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Bassist Barre Phillips was first introduced to the father and son team of Joe and Mat Maneri on the ECM production project “Tales of Rohnlief” in 1998, and the collaboration left all participants with a keen determination to take the work further. Phillips was fascinated by the Maneris’ uniquely idiosyncratic approach to music-making, and the Maneris, from their side, felt that no other improviser had made such a strong contribution to their sound-world. It is not the easiest world for another player to enter, not least because Joe and Mat often (but not always) phrase their jazz microtonally, lingering in the cracks of the chromatic scale, and their very personal concept of ‘free music’ – developed over almost 20 years - has little to do with the European free improvisational norm, if such a thing can be said to exist. Their emotionally expressive music, while as soulful as the blues, is also the sum total of experiences that have included involvement in the widest range of musics – from contemporary classical music to half a dozen so-called ‘ethnic’ forms. Add to this the fact that both Maneris think structurally when they improvise and the challenge for an ‘outsider’ becomes formidable. Barre Phillips’ own wide-ranging background gave him the necessary tools to meet that challenge.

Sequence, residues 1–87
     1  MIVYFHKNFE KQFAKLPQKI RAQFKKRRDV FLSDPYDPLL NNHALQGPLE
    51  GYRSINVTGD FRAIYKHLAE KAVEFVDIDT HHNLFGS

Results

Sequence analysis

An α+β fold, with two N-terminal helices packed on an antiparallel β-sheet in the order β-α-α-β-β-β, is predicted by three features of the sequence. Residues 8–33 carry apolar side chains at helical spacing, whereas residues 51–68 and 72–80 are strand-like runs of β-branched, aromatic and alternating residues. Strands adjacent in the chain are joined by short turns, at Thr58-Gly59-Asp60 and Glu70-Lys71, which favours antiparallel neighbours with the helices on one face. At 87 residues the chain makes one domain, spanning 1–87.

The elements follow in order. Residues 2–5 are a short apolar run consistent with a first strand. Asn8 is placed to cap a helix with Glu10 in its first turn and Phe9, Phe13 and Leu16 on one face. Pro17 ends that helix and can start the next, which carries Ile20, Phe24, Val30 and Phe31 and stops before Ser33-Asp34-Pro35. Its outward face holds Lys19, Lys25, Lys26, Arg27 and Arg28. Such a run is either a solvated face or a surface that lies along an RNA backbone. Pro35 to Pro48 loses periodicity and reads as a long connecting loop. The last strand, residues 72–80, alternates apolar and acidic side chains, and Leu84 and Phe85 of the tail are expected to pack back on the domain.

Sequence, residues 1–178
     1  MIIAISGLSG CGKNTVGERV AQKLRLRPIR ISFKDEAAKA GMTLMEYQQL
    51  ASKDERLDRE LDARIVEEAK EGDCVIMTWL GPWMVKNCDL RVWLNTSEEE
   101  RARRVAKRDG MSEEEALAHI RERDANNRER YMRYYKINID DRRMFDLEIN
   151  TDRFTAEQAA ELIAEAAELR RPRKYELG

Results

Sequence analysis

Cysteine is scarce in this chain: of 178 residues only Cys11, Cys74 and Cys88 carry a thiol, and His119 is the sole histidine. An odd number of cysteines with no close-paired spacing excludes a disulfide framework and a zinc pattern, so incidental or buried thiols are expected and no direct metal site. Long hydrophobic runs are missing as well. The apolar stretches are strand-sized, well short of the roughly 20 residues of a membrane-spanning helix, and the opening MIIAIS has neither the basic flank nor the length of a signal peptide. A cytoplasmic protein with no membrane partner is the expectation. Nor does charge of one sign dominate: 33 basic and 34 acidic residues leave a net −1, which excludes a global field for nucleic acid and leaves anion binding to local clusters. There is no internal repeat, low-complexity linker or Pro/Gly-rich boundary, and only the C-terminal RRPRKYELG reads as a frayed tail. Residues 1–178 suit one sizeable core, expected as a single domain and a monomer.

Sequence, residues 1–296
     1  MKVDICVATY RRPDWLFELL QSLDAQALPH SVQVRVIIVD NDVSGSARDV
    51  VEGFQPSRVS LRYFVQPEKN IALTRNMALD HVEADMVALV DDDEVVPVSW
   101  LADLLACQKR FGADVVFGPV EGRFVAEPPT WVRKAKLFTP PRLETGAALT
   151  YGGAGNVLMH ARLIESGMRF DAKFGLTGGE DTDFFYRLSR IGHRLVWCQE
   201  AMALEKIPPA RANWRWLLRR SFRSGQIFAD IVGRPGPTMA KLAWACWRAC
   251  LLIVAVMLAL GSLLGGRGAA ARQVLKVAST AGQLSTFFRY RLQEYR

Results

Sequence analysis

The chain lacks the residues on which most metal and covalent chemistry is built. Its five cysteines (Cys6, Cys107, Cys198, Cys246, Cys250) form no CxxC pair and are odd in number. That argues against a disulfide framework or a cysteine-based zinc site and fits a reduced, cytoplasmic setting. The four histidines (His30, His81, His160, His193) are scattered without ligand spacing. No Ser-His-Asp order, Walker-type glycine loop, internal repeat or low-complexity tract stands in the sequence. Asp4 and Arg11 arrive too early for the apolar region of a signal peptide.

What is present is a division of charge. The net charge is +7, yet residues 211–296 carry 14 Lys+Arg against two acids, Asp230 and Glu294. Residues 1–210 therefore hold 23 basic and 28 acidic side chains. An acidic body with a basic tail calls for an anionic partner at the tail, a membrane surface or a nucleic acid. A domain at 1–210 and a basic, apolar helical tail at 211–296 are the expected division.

After the “Rohnlief” session, Joe and Mat Maneri invited Barre Phillips to join them for subsequent American touring, and Phillips (California-born and French-based since the early 70s) found work for the trio in Europe. At the end of a French-German-Austrian tour in 2002, the trio headed for the south of France and recorded in the ancient chapel of Sainte Philomène, which adjoins Phillips’ home in Puget-Ville. The session – taped by engineer Gérard de Haro (who has documented almost all of Louis Sclavis’ ECM recordings) – found the trio joined by a small audience on the last day; two tracks on “Angles” are from the live setting. For the most part, however, they were alone, responding to each other and to the charged silence and compact resonance of the church.

Where, on“Tales of Rohnlief”, Mat Maneri was playing his customized solid-body electric violins, “Angles of Repose” is all acoustic. Here Mat plays only viola, which greatly affects the group dynamics. He elicits an extraordinary variety of tones and timbres from the viola, and makes the most of its ‘vocal’ capacity (it’s often considered the string instrument closest to the human voice) in the discursive exchanges with Joe and in the cries and exultations which, with those of his partners, define what Barre calls “the striving, reaching-out quality” of the music.

“Listening back to the session, “ says Barre Phillips, who is also the album’s co-producer. “I was struck by the way in which the material divided itself into two tributaries – the music of peaceful repose or serenity, and the music of intense yearning, striving and longing to get to this other place. Coltrane’s late music had this same aching quality.”